GM Corner – One Last Job

Warning: this post contains minor spoilers of SAS Geek’s One Last Job game. 

Senda and I have a loooong list of games we want to play on SAS. But we don’t want to just choose systems, we want to create awesome gaming experiences and have fun. A lot of fun. That’s pretty much our goal … all the time.

So when Senda and I talk about running One Last Job (OLJ), we didn’t want to run a traditional heist game. We wanted to play with genres, give it a twist. Senda was texting me about this while watching Sailor Moon with her son and someone said “former magical girl heist!” It sounded like fun, so we made it happen.

Overall, our group had a lot of fun. The base idea is that your group is some kind of past-their-prime crew that broke up over some vague traumatic experience years ago. Your old boss calls on you for (wait for it) one last job.

The character creation process is rather unique in my RPG experiences. You don’t get to make up your own character. For a role play heavy game lover like me I wasn’t sure how that would go, but it ended up creating a lot of dynamic characters. The GM sets the stage with the crew’s former boss contacting the first character and explaining the job. The first character realizes they’ll need the entire crew because each person has a unique talent and names a second character with either a direct or implied talent. The first character seeks out the second to role play convincing them to join the crew, and the second character then names the next character and their talent, and so on.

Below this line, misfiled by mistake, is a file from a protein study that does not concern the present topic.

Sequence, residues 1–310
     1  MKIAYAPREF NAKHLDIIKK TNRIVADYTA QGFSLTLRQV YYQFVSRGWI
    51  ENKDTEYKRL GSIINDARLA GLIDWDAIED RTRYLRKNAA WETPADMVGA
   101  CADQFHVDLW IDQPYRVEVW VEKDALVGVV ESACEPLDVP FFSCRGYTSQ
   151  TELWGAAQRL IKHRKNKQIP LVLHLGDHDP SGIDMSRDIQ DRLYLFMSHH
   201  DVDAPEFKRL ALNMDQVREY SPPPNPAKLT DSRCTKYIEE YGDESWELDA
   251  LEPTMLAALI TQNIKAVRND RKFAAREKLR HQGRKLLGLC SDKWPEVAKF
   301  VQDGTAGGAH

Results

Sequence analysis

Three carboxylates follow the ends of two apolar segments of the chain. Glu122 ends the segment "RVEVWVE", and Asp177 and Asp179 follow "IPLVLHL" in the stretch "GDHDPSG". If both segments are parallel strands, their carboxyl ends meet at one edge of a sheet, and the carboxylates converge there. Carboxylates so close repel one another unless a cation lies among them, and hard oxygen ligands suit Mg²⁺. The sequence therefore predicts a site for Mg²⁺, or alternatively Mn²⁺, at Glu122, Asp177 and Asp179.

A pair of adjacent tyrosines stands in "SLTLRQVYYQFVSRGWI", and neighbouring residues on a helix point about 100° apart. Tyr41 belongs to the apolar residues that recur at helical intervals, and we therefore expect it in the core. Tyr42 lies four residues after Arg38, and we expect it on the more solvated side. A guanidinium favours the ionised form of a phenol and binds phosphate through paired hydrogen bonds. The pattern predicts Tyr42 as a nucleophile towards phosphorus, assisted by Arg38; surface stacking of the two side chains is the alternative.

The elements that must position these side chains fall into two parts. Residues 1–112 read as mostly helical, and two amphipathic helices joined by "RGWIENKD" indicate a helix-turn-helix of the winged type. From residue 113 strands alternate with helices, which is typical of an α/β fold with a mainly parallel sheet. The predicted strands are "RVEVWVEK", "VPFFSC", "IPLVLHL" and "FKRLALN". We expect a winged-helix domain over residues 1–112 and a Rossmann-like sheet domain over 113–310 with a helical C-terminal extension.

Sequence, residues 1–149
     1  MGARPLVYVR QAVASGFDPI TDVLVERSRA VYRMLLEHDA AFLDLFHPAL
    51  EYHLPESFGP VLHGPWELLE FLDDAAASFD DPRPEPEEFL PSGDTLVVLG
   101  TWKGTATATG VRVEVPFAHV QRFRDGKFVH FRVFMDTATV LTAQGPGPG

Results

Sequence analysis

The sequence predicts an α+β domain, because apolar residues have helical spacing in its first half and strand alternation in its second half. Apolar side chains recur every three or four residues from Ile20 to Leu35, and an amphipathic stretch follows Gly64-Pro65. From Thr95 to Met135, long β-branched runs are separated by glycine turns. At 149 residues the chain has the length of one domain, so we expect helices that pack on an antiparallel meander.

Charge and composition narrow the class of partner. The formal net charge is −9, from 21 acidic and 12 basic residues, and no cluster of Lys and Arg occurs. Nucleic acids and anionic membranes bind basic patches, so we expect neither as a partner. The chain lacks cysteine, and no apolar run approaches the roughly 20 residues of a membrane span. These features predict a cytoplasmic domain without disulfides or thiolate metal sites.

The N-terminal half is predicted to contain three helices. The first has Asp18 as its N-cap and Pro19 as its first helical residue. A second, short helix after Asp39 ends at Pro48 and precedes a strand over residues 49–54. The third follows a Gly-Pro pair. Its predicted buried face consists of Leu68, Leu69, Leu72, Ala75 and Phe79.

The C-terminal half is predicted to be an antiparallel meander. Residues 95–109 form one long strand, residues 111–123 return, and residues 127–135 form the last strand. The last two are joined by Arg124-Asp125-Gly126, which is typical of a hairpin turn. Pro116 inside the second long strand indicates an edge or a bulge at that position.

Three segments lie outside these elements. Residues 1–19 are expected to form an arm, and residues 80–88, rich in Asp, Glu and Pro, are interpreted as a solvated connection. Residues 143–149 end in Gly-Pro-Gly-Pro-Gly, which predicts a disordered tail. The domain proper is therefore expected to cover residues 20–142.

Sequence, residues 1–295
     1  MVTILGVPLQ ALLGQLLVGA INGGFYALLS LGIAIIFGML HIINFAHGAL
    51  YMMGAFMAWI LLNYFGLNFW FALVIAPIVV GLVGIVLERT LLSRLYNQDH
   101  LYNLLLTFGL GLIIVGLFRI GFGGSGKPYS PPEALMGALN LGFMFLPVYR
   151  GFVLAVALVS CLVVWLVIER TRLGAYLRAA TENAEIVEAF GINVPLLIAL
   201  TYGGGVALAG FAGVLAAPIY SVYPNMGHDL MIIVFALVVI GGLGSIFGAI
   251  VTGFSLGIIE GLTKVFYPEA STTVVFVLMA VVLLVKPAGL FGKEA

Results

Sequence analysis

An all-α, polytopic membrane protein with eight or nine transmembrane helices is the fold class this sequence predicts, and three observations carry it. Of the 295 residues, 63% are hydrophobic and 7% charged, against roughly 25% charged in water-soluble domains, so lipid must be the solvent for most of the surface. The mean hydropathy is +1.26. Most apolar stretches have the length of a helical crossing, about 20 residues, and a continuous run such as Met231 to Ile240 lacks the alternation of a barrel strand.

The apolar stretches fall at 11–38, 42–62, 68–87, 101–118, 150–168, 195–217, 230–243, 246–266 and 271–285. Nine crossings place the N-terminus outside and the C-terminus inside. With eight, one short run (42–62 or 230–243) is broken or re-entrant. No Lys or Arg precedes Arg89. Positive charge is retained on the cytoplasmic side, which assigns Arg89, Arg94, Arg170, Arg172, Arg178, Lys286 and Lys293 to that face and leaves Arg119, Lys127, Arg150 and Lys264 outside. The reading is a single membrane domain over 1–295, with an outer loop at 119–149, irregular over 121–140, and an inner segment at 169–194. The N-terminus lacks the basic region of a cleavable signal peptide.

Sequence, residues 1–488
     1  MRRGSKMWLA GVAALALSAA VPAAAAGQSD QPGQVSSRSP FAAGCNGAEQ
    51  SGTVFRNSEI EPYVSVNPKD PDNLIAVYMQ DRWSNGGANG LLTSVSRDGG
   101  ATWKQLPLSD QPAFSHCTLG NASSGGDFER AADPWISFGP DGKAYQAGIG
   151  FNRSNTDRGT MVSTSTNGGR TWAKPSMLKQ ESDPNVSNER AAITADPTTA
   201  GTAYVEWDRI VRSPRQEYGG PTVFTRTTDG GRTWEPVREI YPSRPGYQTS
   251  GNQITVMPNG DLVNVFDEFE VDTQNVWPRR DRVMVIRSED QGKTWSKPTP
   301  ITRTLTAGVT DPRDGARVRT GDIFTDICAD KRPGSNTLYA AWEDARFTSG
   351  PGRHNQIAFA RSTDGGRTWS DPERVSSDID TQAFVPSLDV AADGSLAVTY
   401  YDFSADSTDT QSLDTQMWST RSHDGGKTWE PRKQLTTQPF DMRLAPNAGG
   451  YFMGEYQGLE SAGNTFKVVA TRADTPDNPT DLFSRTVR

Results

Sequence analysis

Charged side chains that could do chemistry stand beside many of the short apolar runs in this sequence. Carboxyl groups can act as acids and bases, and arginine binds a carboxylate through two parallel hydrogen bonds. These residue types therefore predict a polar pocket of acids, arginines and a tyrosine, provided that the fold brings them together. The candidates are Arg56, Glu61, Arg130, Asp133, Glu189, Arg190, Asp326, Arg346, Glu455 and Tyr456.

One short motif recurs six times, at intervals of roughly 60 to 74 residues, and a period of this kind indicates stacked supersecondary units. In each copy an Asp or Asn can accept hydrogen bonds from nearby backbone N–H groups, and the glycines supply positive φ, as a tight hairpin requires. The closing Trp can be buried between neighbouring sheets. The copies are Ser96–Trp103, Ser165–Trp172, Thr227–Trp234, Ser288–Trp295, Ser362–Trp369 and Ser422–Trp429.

As a GM, it was great for the players to go through this process because they set up their own obstacles. You just have to roll with the punches! For example, when James’ character Sergeant Square brought up their deceased former crew-mate, Puce, that detail had to come in to play again. The longer we went along, the more drama characters pulled out about that event that caused them to break up. Puce became an important part of that (but I’ll leave it at that because too many spoilers).

OLJ is a dice pool system. Having both players and the GM being able to manipulate the dice pool really informed the choices the players made. It also gave me a tangible feeling of ‘this is how bad things are’ as I rolled the danger pool.

I highly recommend OLJ for a fun one-shot story forward game. Even though this game was designed off of heist movies, it’s flexible because of the shared story telling format. If the GM and players commit to a genre everything will be good.

System: One Last Job

Creator: Grant Howitt

Price: $10

 

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